Journey of Female Characters in the Work of Edith Nesbit, Enid Blyton, Joanne Kathleen Rowling, Joss Whedon, and Rockne S. O’ Bannon: A Study of the Interactions of Gender and Genre

Author: Colgan, Lesley-Ann
Year:2016
Pages:356
ISBN:1-4955-0463-8
978-1-4955-0463-1
Price:239.95
This work aims to take a chronological view of the changing limitations imposed on female characters, within various genres, using the work of writers/creators whose work has inspired a degree of public as well as critical interest. It provides the reader with a new and broader understanding of the evolution of gender representation within various genres in children’s literature.

Reviews

“Gender, as we now know, is an ideological construct which is superadded on the natural biological differences between men and women. Feminist and literary theory have made significant strides in broadening our understanding of how gender is different from biology, and the cultural dimensions of gender ideology have been teased out and deconstructed over the past number of years.

What is read at a young age can lodge seeds and sediments which have life-long implications, and this is one reason why gender assumptions in the stories our children read, and in the programmes which our children see on television, are in serious need of analysis and scholarship. This book provides just such scholarship…looking at a range of childhood stories written by Nesbit, Blyton and Rowling as well as television, Colgan traces the development of the female character across time and culture…”
Dr. Eugene O’Brien,
Mary Immaculate College, University of Limerick


Dr. Colgan examines childhood stories as well as trendy television series in the light of female gender roles. Colgan’s study is culturally significant. What stands out in her book is the affection she demonstrates along with her critical sense. For this reason as well as her investigation of the normative value of the texts under consideration, her study contributes to the scholarship of an already fertile subject.”
Dr. John DelliCarpini,
Temple University


“The comparison and contrast of the books and television programmes provide a multi-media perspective on the issue of the representation of young women in fiction, and the gradual movement towards greater agency and independence by the characters as the programmes and books become more modern is a very interesting feature of the book…it is well researched, well presented and adds to our knowledge of the issues of the representation of gender.”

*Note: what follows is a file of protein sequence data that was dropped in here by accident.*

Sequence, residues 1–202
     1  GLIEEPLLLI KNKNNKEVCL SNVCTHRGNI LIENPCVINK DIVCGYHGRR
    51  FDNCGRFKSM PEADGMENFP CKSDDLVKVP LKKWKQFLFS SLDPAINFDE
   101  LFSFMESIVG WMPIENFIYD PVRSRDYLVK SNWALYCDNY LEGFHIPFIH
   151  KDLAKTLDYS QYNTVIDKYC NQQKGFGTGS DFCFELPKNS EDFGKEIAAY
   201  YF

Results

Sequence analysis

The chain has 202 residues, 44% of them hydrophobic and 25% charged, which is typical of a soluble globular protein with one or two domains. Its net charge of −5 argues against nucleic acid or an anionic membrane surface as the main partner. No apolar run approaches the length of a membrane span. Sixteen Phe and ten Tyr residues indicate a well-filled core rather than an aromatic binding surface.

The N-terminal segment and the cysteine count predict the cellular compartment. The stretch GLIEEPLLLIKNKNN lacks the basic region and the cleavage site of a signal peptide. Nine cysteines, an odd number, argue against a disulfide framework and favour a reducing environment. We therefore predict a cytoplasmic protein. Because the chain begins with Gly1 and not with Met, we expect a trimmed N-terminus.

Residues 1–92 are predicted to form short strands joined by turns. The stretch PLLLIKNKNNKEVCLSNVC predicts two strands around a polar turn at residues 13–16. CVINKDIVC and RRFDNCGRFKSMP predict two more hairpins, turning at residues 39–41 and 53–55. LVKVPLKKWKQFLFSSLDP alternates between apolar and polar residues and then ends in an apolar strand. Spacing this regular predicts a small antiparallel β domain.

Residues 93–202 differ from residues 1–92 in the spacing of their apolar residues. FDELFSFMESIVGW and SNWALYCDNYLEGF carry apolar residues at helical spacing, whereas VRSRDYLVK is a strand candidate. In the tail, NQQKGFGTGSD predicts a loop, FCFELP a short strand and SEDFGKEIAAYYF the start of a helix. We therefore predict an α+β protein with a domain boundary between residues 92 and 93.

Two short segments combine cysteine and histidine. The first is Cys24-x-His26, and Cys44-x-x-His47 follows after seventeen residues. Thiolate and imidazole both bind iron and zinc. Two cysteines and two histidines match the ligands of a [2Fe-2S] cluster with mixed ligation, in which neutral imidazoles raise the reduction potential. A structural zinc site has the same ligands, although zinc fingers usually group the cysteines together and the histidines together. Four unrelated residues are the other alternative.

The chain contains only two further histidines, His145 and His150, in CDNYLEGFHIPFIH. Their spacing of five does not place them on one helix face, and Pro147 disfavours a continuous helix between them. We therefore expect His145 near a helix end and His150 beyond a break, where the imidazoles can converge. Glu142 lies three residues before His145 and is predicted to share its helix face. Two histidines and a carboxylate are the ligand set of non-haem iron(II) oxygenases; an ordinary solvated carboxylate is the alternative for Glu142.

Dr. John McDonagh,
Senior Lecturer, Department of English Language and Literature


“Dr. Colgan’s great achievement is that she enables us to understand how the depictions of gender-representation in children’s literature have wider societal implications and why it is a moral issue for society that gender-representation continues to be interrogated, questioned and reflected upon.. This book furnishes readers with a critical, informed and discriminating lens with which to view children’s literature and reminds us never to underestimate the impact of the stories children experience on their present and future lives.”
Dr. Emer Ring,
Head of Department of Reflective Pedagogy and Early Childhood Studies,
Mary Immaculate College


Table of Contents

Abstract
Foreword by Eugene O’Brien
Introduction
1. Females in Fantasy – Little Green People Leading the Way
1.1 What is Fantasy?
1.2 Why Fantasy?
1.3 Selection and History of Authors / Creators
1.3.1 A Closer Look: E. Nesbit
1.3.2 A Closer Look: J.K. Rowling
1.3.3 A Closer Look: Whedon
1.3.4 A Closer Look: O’Bannon
1.4 It’s a Man’s World: The Underlying Power Structure of the Fantasy-Worlds
1.4.1 Nesbit: the Natural Disabilities of Women
1.4.2 Rowling: the Unnatural Disabilities of Witches
1.4.3 Whedon: the Supernatural Abilities of Women
1.4.4 Farscape: the Preternatural Abilities of Female Aliens
1.5 Strong Females Living within Conventional Gender Roles Girls and Women Who Follow the Golden Rule: the Tension between Self and Sacrifice
1.5.1 Girls and Women who Read, Write and Rhyme: Language and Female Empowerment
1.5.2 Girls and Women who Compete: Pushing the Boundaries of the Status Quo
1.5.3 Beyond Gender Boundaries: Women Who Walk Outside the Lines
1.6 Conclusion
2. Profiling the Girl Detectives
2.1 History of the Girl Detective
2.1.1 The Industry of Nancy Drew
2.2 Image, Femininity and Self Identity
2.2.1 Oceans Apart? Girl Detectives vs Tomboy Sleuths
2.2.2 A Modern Take: Girl Sleuths of Today
2.2.3 A View from the Small Screen: Buffy and Veronica Mars
2.3 Rape, Violence and the Girl Detective
2.3.1 The Textual Spectrum – Invincible Nancy to Vulnerable Hermione
2.3.2 Making Subtext Text – Sexuality and Violence in Buffy and Veronica Mars
3. School Stories
3.1 Introduction
3.2 The Girls’ School Story- History
3.2.1 The Critics
3.3 School Stories
3.3.1 Before the School Story
3.3.2 A Time of Change
3.3.3 Thrills and Chills
3.3.4 Reality vs Fiction: the Anxious Backlash
3.4 Past and Present: New Takes on Old Tropes
3.4.1 Competition & Community: Contrasting School Structures
3.4.2 Power and Discipline within School Structures
3.4.3 Gender Blending and Adolescence in the School Story
3.5 The Question of the ‘Other’
3.5.1 Working Class Heroes, Zeroes, Witches and Wizards
3.5.2 Ethnic and Racial Diversity: Exchange Students and the Diversity of Wizarding Culture
3.6 Pushing the Boundaries: Potential of the School Story
4. Conclusion
Bibliography
Index